(S&P Global Platts, 24.Apr.2019) — Venezuela’s state-owned PDVSA is set to export 955,000 b/d of crude in April, up from 843,000 b/d in March, when several blackouts crippled export infrastructure, according to the company’s monthly export plan.
Asian refiners are taking 786,000 b/d, or 82% of April’s shipments, up from 632,000 b/d or 75% of March’s volumes, with greater placement of Merey 16 heavy crude blend from the Orinoco Belt diluted with light crude, PDVSA said.
PDVSA did not find buyers for about 193,000 b/d of the 1.15 million b/d it offered for export in April, compared with available March exports of 1.17 million b/d.
Most of the April shipments represent repayment of loans to China and Russia, including shipments to India’s Reliance Industries. PDVSA has trilateral deals with the China National Petroleum Corp. and Russia’s Rosneft where it sells the crude to a third party, which then pays CNPC or Rosneft.
As a result, Reliance might be the final buyer of most of the 220,000 b/d of Merey 16 crude committed to Rosneft for April, although those details were not provide in the document.
The flow of Venezuelan crude to India has not fallen sharply despite pressure from the US Department of State to reduce its dependence on the sanctions-hit oil exporter.
India’s petroleum secretary told US officials in March the government was stressing to private Indian refiners the risks of importing Venezuelan crude amid US sanctions against PDVSA.
Reliance, which operates two mega-refineries at the Jamnagar complex on India’s west coast, has said it would reduce its Venezuelan crude imports in compliance with US sanctions. Reliance also halted sales of diluent like naphtha to Venezuela. PDVSA depends on imported naphtha to dilute its heavy crude grades.
However, Indian refiner Nayara Energy’s largest shareholder is Rosneft, and Russia has committed to helping the regime of President Nicolas Maduro withstand US sanctions.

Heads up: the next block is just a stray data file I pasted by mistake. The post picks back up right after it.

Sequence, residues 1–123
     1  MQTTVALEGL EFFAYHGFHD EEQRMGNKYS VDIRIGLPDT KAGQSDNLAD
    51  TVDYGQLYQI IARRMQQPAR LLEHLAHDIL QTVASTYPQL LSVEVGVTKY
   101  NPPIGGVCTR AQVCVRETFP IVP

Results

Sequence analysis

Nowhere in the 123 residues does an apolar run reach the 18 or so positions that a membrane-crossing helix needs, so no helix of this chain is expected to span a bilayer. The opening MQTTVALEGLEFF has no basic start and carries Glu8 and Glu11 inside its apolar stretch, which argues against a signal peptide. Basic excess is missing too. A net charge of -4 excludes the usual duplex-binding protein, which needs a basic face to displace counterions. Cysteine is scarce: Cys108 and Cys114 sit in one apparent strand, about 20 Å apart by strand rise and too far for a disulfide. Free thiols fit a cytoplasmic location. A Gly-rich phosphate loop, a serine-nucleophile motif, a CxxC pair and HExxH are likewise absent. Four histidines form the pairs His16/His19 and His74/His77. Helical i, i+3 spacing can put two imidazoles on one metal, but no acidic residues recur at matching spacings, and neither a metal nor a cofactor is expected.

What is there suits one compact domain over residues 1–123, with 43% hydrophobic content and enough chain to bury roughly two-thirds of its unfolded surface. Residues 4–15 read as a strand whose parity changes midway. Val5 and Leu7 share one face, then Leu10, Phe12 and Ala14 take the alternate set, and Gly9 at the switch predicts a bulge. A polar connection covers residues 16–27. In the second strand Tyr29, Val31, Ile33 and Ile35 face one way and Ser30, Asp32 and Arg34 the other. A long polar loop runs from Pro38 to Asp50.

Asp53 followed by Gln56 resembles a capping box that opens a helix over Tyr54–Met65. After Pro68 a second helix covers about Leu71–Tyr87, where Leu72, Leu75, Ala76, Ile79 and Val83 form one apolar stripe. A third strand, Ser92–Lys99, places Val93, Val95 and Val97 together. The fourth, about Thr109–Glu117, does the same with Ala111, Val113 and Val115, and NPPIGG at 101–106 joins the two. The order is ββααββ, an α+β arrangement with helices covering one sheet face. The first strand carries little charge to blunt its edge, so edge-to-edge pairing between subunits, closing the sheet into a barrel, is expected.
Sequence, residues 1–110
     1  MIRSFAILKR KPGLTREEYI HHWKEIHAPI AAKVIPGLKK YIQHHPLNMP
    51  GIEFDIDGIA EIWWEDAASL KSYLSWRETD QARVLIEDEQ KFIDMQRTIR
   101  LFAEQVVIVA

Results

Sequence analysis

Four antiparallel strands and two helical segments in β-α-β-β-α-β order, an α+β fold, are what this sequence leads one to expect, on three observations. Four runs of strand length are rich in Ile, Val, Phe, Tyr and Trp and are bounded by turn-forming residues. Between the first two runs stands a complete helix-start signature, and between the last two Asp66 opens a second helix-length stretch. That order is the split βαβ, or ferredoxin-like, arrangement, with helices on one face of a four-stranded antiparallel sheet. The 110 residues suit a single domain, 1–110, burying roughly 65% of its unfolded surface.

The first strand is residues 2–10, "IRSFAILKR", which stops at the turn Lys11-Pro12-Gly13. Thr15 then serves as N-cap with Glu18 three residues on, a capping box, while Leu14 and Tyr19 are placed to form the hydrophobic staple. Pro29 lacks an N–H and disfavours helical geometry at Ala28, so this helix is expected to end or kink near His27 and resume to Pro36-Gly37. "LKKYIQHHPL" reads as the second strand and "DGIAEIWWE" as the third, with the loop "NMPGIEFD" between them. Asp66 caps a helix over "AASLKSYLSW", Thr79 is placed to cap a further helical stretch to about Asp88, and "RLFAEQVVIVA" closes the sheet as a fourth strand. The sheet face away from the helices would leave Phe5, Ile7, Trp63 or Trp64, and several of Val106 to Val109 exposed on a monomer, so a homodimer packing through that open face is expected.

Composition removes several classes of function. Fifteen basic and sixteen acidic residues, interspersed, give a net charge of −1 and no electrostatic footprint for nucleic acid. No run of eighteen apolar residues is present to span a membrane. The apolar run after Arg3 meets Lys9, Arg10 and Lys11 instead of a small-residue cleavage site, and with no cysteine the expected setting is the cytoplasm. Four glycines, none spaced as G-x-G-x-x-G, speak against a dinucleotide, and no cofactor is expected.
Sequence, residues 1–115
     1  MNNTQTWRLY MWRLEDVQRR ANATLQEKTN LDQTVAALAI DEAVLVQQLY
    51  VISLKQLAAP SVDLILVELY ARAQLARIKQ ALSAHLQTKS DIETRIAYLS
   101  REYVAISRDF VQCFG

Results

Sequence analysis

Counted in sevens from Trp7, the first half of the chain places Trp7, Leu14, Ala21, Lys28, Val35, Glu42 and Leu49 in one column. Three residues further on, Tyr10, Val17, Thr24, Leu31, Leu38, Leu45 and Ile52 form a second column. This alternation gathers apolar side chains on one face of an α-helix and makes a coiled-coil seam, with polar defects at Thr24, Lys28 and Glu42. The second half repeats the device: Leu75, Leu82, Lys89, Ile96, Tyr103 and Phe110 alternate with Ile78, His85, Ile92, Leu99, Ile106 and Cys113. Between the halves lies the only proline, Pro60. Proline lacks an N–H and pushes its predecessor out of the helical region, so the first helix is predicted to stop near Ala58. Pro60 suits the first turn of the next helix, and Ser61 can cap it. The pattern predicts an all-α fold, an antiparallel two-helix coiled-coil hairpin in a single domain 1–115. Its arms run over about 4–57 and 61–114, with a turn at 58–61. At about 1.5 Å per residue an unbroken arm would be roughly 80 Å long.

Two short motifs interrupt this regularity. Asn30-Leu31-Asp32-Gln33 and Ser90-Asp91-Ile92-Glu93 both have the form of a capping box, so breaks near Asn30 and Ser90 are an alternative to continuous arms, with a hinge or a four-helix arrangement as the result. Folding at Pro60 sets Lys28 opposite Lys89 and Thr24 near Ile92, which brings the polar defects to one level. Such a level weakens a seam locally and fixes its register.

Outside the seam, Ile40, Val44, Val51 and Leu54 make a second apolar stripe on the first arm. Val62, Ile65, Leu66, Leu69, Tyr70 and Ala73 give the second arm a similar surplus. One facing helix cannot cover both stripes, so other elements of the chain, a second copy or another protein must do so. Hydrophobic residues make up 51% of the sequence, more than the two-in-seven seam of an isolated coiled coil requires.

STEADY FLOWS TO INDIA
Six VLCCs are set to deliver Venezuelan crude from Jose Terminal to India’s Vadinar port in April, according to S&P Global Platts trade flow software, cFlow. The April deliveries represent about 375,000 b/d.
March deliveries spiked to 512,000 b/d, with eight VLCCs making the Caracas-to-Vadinar route, according to cFlow.
So far, three VLCCs are set to make deliveries in May, carrying the equivalent of 180,000 b/d, cFlow data show.
US pressure on India to curb its Venezuelan imports comes at the same time Washington plans to revoke India’s waiver to import Iranian oil.
Indian industry and government sources said this week the country has other options. State-run refiners will aim to step up imports from countries such as Mexico and Iraq, while private refiners Reliance and Nayara Energy were not receiving much Iranian crude during the six-month sanctions waiver period.
“We have Plan B already in place. In fact, we have Plan C and Plan D also in place to meet any eventuality,” an Indian government official said.